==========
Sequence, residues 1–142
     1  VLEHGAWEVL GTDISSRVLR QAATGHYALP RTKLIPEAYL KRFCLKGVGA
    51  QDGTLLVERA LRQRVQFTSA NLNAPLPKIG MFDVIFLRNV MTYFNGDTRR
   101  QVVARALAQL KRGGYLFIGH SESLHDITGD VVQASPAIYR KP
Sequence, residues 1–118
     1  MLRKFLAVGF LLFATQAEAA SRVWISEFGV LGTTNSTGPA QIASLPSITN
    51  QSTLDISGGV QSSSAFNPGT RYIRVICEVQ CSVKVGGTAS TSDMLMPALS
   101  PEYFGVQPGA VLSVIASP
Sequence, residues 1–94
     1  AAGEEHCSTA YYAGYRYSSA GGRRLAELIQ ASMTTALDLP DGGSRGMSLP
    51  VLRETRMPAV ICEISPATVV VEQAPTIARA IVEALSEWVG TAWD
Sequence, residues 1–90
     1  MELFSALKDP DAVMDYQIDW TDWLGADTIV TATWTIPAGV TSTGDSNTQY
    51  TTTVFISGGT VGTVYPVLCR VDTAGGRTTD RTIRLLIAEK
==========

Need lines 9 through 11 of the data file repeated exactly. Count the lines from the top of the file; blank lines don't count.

Sequence, residues 1–94
     1  AAGEEHCSTA YYAGYRYSSA GGRRLAELIQ ASMTTALDLP DGGSRGMSLP
    51  VLRETRMPAV ICEISPATVV VEQAPTIARA IVEALSEWVG TAWD